start a new business in Singapore
  • April 16, 2020

In general, directors are not allowed to borrow from the company. However, it is possible to achieve this if proper rules are followed to ensure proper corporate governance.


1. Director Loan

There are many reasons why directors want to obtain loans from the company.

One situation is that directors need funds to conduct business on behalf of the company. This may be an attractive option. Relative to a tight loan market, bank may charge higher interest rates. If there is excess cash in the company, applying for a loan from the company can reduce the interest rate.


  • Loan Restrictions

However, in general, companies are not allowed to issue loans to their directors or directors of affiliated companies. Affiliated companies refer to companies belonging to the same group, such as holding companies or subsidiaries.

This general rule applies not only to standard loan agreements, but also to

  • Quasi-loan
  • Credit transaction
  • Guarantee for the benefit of the relevant director

A quasi-loan is a transaction in which the company agrees to pay a sum caused by a director or related director, provided that the director or related director is required to repay or repay the company.

Credit transactions include the following transactions:

  • Supply goods or dispose of real property under an instalment purchase agreement or conditional sale agreement;
  • Lease or lease real estate or goods in exchange for periodic payments;
  • Otherwise, real property, supplies, goods or labour services should be disposed of, but there is an understanding that payment should be deferred.

Guarantees include companies providing guarantees or guarantees for a loan, quasi-loan or credit transaction, which are carried out by or for the benefit of the director.


  • Director-Related Personnel

The company’s restrictions on issuing loans to directors and related directors also apply to the relevant personnel of these directors. According to Singapore’s “Company Law”, there are two types of related personnel.

The first category is the director’s family members, including the director’s spouse, children (including adopted children) and step-children. In other words, the family members of these directors are generally not allowed to obtain loans from the director’s company.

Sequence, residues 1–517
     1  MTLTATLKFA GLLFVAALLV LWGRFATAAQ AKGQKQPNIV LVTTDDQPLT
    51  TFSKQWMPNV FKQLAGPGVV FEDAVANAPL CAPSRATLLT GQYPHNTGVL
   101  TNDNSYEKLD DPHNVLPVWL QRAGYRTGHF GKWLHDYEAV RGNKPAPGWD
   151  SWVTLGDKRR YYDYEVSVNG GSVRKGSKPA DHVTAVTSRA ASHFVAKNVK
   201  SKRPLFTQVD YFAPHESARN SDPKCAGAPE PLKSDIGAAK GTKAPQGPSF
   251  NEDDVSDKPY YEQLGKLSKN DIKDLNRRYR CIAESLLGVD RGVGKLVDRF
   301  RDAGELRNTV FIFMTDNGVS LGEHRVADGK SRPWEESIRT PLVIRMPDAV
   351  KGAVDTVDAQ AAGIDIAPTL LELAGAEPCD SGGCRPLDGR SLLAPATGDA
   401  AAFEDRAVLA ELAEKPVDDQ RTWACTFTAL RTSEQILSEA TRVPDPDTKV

The second type is that the  company is not an exempt private company, and its directors have 20% or more of the voting rights in the receiving company or limited liability partnership. An exempted private company refers to a company with fewer than 20 members, and the company does not have any beneficial interest in its shares.

In this case, the borrowing company or limited liability partnership will also be regarded as a relevant person. Any loans between these entities require the company’s approval at the shareholders ’meeting in advance.

To determine whether the director’s necessary interest in the company ’s borrowing triggers the restrictions of the Company Law, the interests of the director ’s family members are regarded as the director ’s interest. This means that even if the director does not have a 20% or more voting interest in the borrowing company, if the director’s family members accumulate such an interest, the loan still needs to be approved in advance.


2. Exceptions to Loan Restrictions

There are many exceptions to the general rule. In the following cases, loans may be issued to the relevant directors:

  • Provide loans to the relevant directors to cover the expenses incurred by the directors for the company, or allow the directors to properly perform their duties as directors.
  • If the director is employed by the company or the related company, and the loan is to buy a residence for the director for his residence, and there are no more than one outstanding transaction.
  • If the director in question is employed by the company or the company concerned, the loan is issued in accordance with a plan to benefit employees. And, this plan must be approved at the shareholders’ meeting.
  • The daily business of the company includes loans, and the loans are issued to the relevant directors in the daily business. The company’s activities must also be regulated by written laws related to banking, finance or insurance, or by the Monetary Authority of Singapore.

In addition, the exempted loan company may issue loans to the loan company even if the director of the loan company holds 20% or more of the voting company’s voting interest.


  • What happens if these restrictions are violated?

Any director who violates the permitted exceptions and approval requirements because of loan approval is an offence. The director can be fined up to S $ 20,000 or imprisoned for 2 years.


3. How to get loan approval

If the loan meets the exceptions to the first two provisions, the company must obtain approval for the loan at the general meeting of shareholders. At this meeting, the purpose and amount of the loan must be made public.

In addition, the loan must be made under the following conditions, that is, if it is not approved at or before the next general meeting, the transaction amount will be repaid within 6 months after the end of the general meeting. Directors authorized to issue loans are also jointly and severally liable to compensate the company for the losses suffered by the loans.